Prof. Richard Wolfson - Physics And Our Universe How It All Works

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Posted on 2017-06-27, by nobihai.


Prof/ Richard Wolfson - Physics And Our Universe How It All Works Prof. Richard Wolfson - Physics And Our Universe How It All Works English | Size: 20.95 GB Category: Video Tutorials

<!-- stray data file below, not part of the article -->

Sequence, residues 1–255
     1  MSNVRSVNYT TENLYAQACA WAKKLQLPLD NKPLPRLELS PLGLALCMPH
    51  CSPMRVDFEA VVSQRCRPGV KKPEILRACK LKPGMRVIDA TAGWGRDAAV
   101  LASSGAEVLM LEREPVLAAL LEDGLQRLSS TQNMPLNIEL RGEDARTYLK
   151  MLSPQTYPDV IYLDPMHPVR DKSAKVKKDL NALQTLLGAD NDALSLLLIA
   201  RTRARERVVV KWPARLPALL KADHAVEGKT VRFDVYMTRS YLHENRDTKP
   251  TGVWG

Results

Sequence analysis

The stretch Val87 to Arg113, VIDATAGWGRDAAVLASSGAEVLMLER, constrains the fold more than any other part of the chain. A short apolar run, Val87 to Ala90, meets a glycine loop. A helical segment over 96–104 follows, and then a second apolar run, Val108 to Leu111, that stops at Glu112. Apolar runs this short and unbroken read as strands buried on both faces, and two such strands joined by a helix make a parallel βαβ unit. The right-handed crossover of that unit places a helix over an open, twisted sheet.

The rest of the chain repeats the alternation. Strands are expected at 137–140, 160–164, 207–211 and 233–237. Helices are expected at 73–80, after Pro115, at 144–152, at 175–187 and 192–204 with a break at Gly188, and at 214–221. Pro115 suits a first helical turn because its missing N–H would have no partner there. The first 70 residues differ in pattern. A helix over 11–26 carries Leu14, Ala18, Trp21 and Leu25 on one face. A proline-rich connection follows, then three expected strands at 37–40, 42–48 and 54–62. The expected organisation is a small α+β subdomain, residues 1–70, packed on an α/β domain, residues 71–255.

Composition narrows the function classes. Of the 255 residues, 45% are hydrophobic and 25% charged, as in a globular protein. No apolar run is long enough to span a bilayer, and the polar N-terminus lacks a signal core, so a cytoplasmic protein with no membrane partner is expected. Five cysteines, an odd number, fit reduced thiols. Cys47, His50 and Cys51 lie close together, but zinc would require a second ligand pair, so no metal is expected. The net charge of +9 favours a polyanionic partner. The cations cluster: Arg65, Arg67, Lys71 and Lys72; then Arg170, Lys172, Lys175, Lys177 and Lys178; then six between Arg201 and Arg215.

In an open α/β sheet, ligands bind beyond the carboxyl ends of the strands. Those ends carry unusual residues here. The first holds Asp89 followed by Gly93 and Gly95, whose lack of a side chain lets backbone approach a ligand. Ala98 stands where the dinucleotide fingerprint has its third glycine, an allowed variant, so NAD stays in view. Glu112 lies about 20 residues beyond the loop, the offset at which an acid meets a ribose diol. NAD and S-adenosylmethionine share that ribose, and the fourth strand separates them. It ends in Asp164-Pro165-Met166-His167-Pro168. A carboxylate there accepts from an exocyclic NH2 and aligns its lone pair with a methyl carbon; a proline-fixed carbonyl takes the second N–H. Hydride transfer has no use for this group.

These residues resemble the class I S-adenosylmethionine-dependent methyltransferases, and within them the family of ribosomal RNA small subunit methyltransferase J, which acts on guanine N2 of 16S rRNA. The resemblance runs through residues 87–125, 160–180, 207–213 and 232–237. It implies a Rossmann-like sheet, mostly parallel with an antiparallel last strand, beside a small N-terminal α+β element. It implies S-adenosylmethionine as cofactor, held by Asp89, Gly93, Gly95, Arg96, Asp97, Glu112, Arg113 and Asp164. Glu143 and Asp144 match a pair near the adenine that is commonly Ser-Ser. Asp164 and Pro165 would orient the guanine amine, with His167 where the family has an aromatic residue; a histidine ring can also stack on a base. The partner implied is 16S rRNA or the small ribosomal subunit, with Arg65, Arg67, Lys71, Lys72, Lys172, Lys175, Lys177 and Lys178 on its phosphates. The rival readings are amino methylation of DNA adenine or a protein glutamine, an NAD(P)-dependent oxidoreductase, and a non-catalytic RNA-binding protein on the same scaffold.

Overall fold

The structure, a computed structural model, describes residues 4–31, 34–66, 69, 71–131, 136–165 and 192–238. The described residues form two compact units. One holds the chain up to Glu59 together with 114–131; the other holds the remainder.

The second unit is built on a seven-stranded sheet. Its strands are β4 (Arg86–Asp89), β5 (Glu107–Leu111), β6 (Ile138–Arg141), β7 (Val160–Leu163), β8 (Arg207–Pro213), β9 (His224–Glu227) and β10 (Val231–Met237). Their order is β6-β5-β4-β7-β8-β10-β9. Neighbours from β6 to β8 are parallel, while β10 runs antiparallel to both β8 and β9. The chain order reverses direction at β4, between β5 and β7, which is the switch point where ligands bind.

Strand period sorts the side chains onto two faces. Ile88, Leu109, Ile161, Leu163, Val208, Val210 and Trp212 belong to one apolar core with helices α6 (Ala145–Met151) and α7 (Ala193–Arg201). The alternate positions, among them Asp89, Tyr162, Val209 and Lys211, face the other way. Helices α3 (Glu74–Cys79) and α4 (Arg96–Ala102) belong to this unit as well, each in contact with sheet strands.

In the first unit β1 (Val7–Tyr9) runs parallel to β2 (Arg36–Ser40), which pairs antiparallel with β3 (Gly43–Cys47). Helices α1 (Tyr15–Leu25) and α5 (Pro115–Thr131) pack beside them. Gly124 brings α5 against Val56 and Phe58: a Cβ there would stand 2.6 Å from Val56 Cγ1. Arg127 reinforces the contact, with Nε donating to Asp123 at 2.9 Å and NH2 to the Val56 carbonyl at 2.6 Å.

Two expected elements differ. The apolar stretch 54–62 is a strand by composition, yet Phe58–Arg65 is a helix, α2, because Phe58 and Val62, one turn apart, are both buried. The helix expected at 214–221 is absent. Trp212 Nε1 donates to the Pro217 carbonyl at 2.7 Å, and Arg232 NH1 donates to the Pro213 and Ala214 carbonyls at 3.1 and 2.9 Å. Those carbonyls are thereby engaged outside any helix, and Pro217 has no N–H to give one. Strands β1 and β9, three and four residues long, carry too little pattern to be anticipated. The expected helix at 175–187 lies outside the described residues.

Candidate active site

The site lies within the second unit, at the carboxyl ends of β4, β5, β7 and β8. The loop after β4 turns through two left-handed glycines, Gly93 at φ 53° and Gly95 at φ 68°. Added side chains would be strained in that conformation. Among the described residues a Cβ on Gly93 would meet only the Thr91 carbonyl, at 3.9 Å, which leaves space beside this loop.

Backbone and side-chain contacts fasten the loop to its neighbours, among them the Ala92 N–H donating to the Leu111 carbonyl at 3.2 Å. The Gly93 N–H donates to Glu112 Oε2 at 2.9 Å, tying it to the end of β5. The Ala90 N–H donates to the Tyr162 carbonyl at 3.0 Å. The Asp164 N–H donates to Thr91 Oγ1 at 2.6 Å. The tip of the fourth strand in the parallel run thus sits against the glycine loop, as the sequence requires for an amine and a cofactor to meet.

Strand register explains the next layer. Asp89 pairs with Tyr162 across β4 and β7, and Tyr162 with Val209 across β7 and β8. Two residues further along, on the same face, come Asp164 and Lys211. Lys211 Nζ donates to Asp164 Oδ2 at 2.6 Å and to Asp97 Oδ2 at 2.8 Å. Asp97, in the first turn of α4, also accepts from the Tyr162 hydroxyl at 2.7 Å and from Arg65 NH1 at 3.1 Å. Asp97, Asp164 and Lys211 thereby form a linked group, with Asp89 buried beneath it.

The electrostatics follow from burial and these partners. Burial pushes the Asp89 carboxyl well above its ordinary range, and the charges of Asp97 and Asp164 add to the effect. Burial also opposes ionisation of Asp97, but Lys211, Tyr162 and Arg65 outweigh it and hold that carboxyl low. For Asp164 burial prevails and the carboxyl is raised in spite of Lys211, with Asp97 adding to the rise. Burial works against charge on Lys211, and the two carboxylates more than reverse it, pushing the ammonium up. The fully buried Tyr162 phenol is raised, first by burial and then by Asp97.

Physics is the fundamental science. It explains how the universe behaves at every scale, from the subatomic to the extragalactic. It describes the most basic objects and forces and how they interact. Its laws tell us how the planets move, where light comes from, what keeps birds aloft, why a magnet attracts and also repels, and when a falling object will hit the ground, and it gives answers to countless other questions about how the world works. Physics also gives us extraordinary power over the world, paving the way for devices from radios to GPS satellites, from steam engines to nanomaterials. It's no exaggeration to say that every invention ever conceived makes use of the principles of physics. Moreover, physics not only underlies all of the natural sciences and engineering, but also its discoveries touch on the deepest philosophical questions about the nature of reality. Which makes physics sound like the most complicated subject there is. But it isn't. The beauty of physics is that it is simple, so simple that anyone can learn it. In 60 enthralling half-hour lectures, Physics and Our Universe: How It All Works proves that case, giving you a robust, introductory college-level course in physics. This course doesn't stint on details and always presents its subject in all of its eleganceyet it doesn't rely heavily on equations and mathematics, using nothing more advanced than high school algebra and trigonometry. Your teacher is Professor Richard Wolfson, a noted physicist and educator at Middlebury College. Professor Wolfson is author or coauthor of a wide range of physics textbooks, including a widely used algebra-based introduction to the subject for college students. He has specially designed Physics and Our Universe to be entirely self-contained, requiring no additional resources. And for those who wish to dig deeper, he includes an extensive list of suggested readings that will enhance your understanding of basic physics. Explore the Fundamentals of Reality Intensively illustrated with diagrams, illustrations, animations, graphs, and other visual aids, these lectures introduce you to scores of fundamental ideas such as these: Newton's laws of motion: Simple to state, these three principles demolish our intuitive sense of why things move. Following where they lead gives a unified picture of motion and force that forms the basis of classical physics. Bernoulli effect: In fluids, an increase in speed means a decrease in pressure. This effect has wide application in aerodynamics and hydraulics. It explains why curve balls curve and why plaque in an artery can cause the artery to collapse. Second law of thermodynamics: Echoing the British novelist and physicist C. P. Snow, Professor Wolfson calls this law about the tendency toward disorder "like a work of Shakespeare's" in its importance to an educated person's worldview. Maxwell's equations: Mathematically uniting the theories of electricity and magnetism, these formulas have a startling outcome, predicting the existence of electromagnetic waves that move at the speed of light and include visible light. Interference and diffraction: The wave nature of light looms large when light interacts with objects comparable in size to the light's wavelength. Interference and diffraction are two intriguing phenomena that appear at these scales. Relativity and quantum theory: Introduced in the early 20th century, these revolutionary ideas not only patched cracks in classical mechanics but led to realms of physics never imagined, with limitless new horizons for research. A Course of Breathtaking Scope The above ideas illustrate the breathtaking scope of Physics and Our Universe, which is broken into six areas of physics plus an introductory section that take you from Isaac Newton's influential "clockwork universe" in the 17th century to the astonishing ideas of modern physics, which have overturned centuries-old views of space, time, and matter. The seven sections of the course are these: Introduction: Start the course with two lectures on the universality of physics and its special languages. Newtonian Mechanics: Immerse yourself in the core ideas that transformed physics into a science. Oscillations, Waves, Fluids: See how Newtonian mechanics explains systems involving many particles. Thermodynamics: Investigate heat and its connection to the all-important concept of energy. Electricity and Magnetism: Explore electromagnetism, the dominant force on the atomic through human scales. Optics: Proceed from the study of light as simple rays to phenomena involving light's wave properties. Beyond Classical Physics: Review the breakthroughs in physics that began with Max Planck and Albert Einstein. As vast as this scope is, you will not be overwhelmed, because one set of ideas in physics builds on those that precede it. Professor Wolfson constantly reviews where you've been, tying together different concepts and giving you a profound sense of how one thing leads to another in physics. Since the 17th century, physics has expanded like a densely branching tree, with productive new shoots continually forming, some growing into major limbs, but all tracing back to the sturdy foundation built by Isaac Newton and otherswhich is why Physics and Our Universe and most other introductory physics courses have a historical focus, charting the fascinating growth of the field. An interesting example is Newtonian mechanics. Developments in the late 19th century showed that Newton's system breaks down at very high speeds and small scales, which is why relativity and quantum theory replaced classical physics in these realms. But the Newtonian approach is still alive and well for many applications. Newtonian mechanics will get you to the moon in a spacecraft, allow you to build a dam or a skyscraper, explain the behavior of the atmosphere, and much more. On the other hand, for objects traveling close to the speed of light or events happening in the subatomic realm, you learn that relativity and quantum theory are the powerful new tools for describing how the world works. Seeing Is Believing Physics would not be physics without experiments, and one of the engaging aspects of this course is the many on-screen demonstrations that Professor Wolfson performs to illustrate physical principles in action. With a showman's gifts, he conducts scores of experiments, including the following: Whirling bucket: Why doesn't water fall out of a bucket when you whirl it in a vertical circle? It is commonly believed that there is a force holding the water up. But this is a relic of pre-Newtonian thinking dating to Aristotle. Learn to analyze what's really going on. Bowling ball pendulum: Would you bet the safety of your skull on the conservation of energy? Watch a volunteer release a pendulum that swings across the room and hurtles back directly at her nose, which escapes harm thanks to the laws of physics. Big chill: What happens when things get really cold? Professor Wolfson pours liquid nitrogen on a blown-up balloon, demonstrating dramatic changes in the volume of air in the balloon. Discover other effects produced by temperature change. Energy and power: How much power is ordered up from the grid whenever you turn on an electric light? Get a visceral sense by watching a volunteer crank a generator to make a light bulb glow. Try a simple exercise to experience the power demand yourself. Total internal reflection: How does a transparent medium such as glass act as an almost perfect mirror without a reflective coating? See a simple demonstration that reveals the principle behind rainbows, binoculars, and optical fibers. Relativity revelation: What gave Einstein the idea for his special theory of relativity? Move a magnet through a coil, then move a coil around a magnet. You get the same effect. But in Einstein's day there were two separate explanations, which made him think... Math for Those Who Want to Probe Deeper Professor Wolfson doesn't just perform memorable experiments. He introduces basic mathematics to analyze situations in detailfor example, by calculating exactly the speed a rollercoaster needs to travel to keep passengers from falling out at the top of a loop-the-loop track, or by showing that the reason high voltage is used for electrical power transmission is revealed in the simple expression that applies Ohm's law, relating current and voltage, to the formula for power. You also see how amazing insights can be hidden in seemingly trivial mathematical details. Antimatter was first postulated when physicist Paul Dirac was faced with a square root term in an equation, and instead of throwing out one of the answers as would normally have been done, he decided to pursue the implications of two solutions. Whenever Professor Wolfson introduces an equation, he explains what every term in the equation means and the significance of the equation for physics. You need not go any further than this to follow his presentation, but for those who wish to probe deeper he works out solutions to many problems, showing the extraordinary reach of mathematics in analyzing nature. But he stresses that physics is not about math; it's the ideas of physics that are crucial. Understand the World in a New Way Above all, the ideas of physics are simple. As you discover in this course, just a handful of important concepts permeate all of physics. Among them are conservation of energy, conservation of momentum, second law of thermodynamics, conservation of electric charge, principle of relativity, and Heisenberg uncertainty principle. The key is not just to think in terms of these principles, but also to let go of common misconceptions, such as the idea that force causes motion; in fact, force causes change in motion. As you progress through Physics and Our Universe, you'll inevitably start to see the world differently. "I love teaching physics and I love to see the understanding light up in people's eyes," says Professor Wolfson. "You'll see common, everyday phenomena with new understanding, like slamming on the brakes of your car and hearing the antilock brake system engage and knowing the physics of why it works; like going out on a very cold day and appreciating why your breath is condensing; like turning on your computer and understanding what's going on in those circuits. You will come to a much greater appreciation of all aspects of the world around you." About Your Professor Professor Richard Wolfson is Benjamin F. Wissler Professor of Physics at Middlebury College in Vermont, and he also teaches in Middlebury's Environmental Studies Program. He did undergraduate work at the Massachusetts Institute of Technology and at Swarthmore College, graduating from Swarthmore with a double major in physics and philosophy. He holds an M.S. in Environmental Studies from the University of Michigan and a Ph.D. in Physics from Dartmouth. Professor Wolfson's textbooks include three editions of Physics for Scientists and Engineers, coauthored with Jay M. Pasachoff; two editions of Essential University Physics; two editions of Energy, Environment, and Climate; and Essential College Physics, coauthored with Andrew Rex. His other works include Nuclear Choices: A Citizen's Guide to Nuclear Technology, and Simply Einstein: Relativity Demystified. His other published work encompasses diverse fields such as medical physics, plasma physics, solar energy engineering, electronic circuit design, observational astronomy, theoretical astrophysics, nuclear issues, and climate change. His current research involves the eruptive behavior of the sun's outer atmosphere, or corona, as well as terrestrial climate change and the sunEarth connection. Dr. Wolfson has spent sabbaticals at the National Center for Atmospheric Research in Boulder, Colorado; at St. Andrews University in Scotland; and at Stanford University. In 2009 he was elected a Fellow of the American Physical Society. Lectures 01. The Fundamental Science 02. Languages Of Physics 03. Describing Motion 04. Falling Freely 05. It's A 3-D World! 06. Going In Circles 07. Causes Of Motion 08. Using Newton's Laws1-D Motion 09. Action And Reaction 10. Newton's Laws In 2 And 3 Dimensions 11. Work And Energy 12. Using Energy Conservation 13. Gravity 14. Systems Of Particles 15. Rotational Motion 16. Keeping Still 17. Back And ForthOscillatory Motion 18. Making Waves 19. Fluid StaticsThe Tip Of The Iceberg 20. Fluid Dynamics 21. Heat And Temperature 22. Heat Transfer 23. Matter And Heat 24. The Ideal Gas 25. Heat And Work 26. EntropyThe Second Law Of Thermodynamics 27. Consequences Of The Second Law 28. A Charged World 29. The Electric Field 30. Electric Potential 31. Electric Energy 32. Electric Current 33. Electric Circuits 34. Magnetism 35. The Origin Of Magnetism 36. Electromagnetic Induction 37. Applications Of Electromagnetic Induction 38. Magnetic Energy 39. Acdc 40. Electromagnetic Waves 41. Reflection And Refraction 42. Imaging 43. Wave Optics 44. Cracks In The Classical Picture 45. Earth, Ether, Light 46. Special Relativity 47. Time And Space 48. Space-Time And Mass-Energy 49. General Relativity 50. Introducing The Quantum 51. Atomic Quandaries 52. Wave Or Particle 53. Quantum Mechanics 54. Atoms 55. Molecules And Solids 56. The Atomic Nucleus 57. Energy From The Nucleus 58. The Particle Zoo 59. An Evolving Universe 60. Humble PhysicsWhat We Don't Know ***Guidebook Included*** General Settings Video Settings Encoder: MPEG4 Frame Rate: 29.97 fps Resolution: 640*480 Video Bitrate: 1500kbps Audio Settings Encoder: MP3 Channels: 2 Channels Stereo Sample Rate: 44100 Hz Audio Bitrate: 128 kbps